The European commission opened the year that is now drawing to a close with a unilateral proposal – which later became a commitment – to reduce the bloc’s greenhouse gas emissions by 20 per cent by 2020.
The EU’s executive was spurred by the urgency pervading the Stern report, published in October 2006. It starkly argued that leaving climate change unaddressed would cost more than acting to reverse it.
By setting itself that goal, the EU was consistent with its long-held conviction that Europe has all to gain from remaining a leader in environment-related policies. And it was staying loyal to its focus on targets. As it celebrated its 50th anniversary on 9 May the EU could gloat on its green protection success, secured by a comprehensive legislative framework. But the difficulty of relying entirely on the end result of policies (targets) at the expense of widening and sharpening the means to achieve those results has become evident through 2007.
On climate, the ongoing struggle to reduce carbon emissions within the bloc has highlighted the need for answers beyond buying credits from abroad. On sustainability, the goals of lower resource use, greater energy efficiency and better waste management have proved elusive.
A renewed push to boost Europe’s green leadership with technology emerged mid-year. In May the commission’s second report on the EU’s 2004 green technologies action plan said much more must be done to enhance eco-innovation. At the end of its EU presidency in June, Germany stated that eco-innovation was the only way to confront climate change, resource shortage and biodiversity loss.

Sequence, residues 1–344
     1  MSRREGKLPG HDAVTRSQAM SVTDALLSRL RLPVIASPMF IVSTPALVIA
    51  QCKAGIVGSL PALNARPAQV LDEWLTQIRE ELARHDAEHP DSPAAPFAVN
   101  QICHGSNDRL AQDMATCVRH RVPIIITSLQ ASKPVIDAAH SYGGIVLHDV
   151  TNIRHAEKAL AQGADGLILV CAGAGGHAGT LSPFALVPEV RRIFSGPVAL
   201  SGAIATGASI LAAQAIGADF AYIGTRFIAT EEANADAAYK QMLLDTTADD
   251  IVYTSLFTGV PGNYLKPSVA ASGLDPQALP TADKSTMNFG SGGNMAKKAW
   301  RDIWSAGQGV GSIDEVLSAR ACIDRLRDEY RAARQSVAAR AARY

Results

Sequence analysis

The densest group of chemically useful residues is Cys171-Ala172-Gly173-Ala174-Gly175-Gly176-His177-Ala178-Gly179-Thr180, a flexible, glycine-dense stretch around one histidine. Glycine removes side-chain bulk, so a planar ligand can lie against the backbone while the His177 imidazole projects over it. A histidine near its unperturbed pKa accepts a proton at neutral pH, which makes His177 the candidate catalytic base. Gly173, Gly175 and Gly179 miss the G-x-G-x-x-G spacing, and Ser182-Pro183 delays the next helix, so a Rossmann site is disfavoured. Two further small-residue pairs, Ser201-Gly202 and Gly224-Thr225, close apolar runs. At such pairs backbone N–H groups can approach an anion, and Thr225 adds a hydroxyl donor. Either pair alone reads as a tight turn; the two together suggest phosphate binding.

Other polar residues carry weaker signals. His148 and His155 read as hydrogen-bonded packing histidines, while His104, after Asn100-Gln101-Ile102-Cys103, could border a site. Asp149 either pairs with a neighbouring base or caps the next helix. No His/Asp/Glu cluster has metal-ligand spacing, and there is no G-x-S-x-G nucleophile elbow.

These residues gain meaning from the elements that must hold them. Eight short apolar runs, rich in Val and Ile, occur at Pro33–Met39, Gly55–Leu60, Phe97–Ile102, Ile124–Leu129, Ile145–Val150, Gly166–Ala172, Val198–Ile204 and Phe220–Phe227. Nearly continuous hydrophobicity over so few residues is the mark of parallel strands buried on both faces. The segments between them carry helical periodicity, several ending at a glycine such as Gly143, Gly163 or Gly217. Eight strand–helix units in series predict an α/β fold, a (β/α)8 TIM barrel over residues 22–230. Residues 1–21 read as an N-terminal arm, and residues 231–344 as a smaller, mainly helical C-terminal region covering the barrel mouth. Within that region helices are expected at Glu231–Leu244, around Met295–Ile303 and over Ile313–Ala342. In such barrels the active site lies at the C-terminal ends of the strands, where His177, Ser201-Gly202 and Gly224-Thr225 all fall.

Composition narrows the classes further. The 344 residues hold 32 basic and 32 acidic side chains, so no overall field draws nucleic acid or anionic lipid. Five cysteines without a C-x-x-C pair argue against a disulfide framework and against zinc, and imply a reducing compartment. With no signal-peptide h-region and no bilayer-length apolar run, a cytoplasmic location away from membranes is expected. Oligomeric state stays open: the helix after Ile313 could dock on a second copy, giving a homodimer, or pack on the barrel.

As the end-of-year international talks in Bali approached, climate change made all the headlines. In October former US vice president Al Gore and the UN’s Intergovernmental Panel on Climate Change received international acclaim after winning the Nobel Peace Prize. In November the French president Nicolas Sarkozy and British prime minister Gordon Brown made landmark speeches about their commitment to the environmental cause.
But the most striking news came from other continents. Australia’s new prime minister, Kevin Rudd, won the elections on 26 November on the back of a strong green agenda, including a promise to ratify the Kyoto protocol. A plausible US presidential candidate, Hillary Clinton, acknowledged that climate change must be addressed and promised to reduce her country’s burgeoning carbon emissions by 80 per cent.
The EU is no longer a solitary fighter against carbon emissions. And its emphasis on targets appears vindicated by countries such as the US – which has traditionally focused on the means to achieve environmental gains (technology) – finally accepting that true progress towards sustainability is hard to make without clear targets providing a sense of direction.
Will 2007 be remembered as the year when most world leaders agreed to act on climate change? Probably yes. But it may also be seen as the time when environmental technologies made it to the top of the global green agenda.
The challenge for the EU and the rest of the world is to put into practice the newly gained understanding that stringent policies with ambitious targets and a bold approach to green technological innovation are both necessary to progress towards environmental sustainability without compromising economic stability. As 2008 approaches, the EU’s New Year resolution must be a true commitment to green technologies that will allow it to meet environmental goals and create competitive advantage for its industry at the same time.
Nadia Weekes, editor
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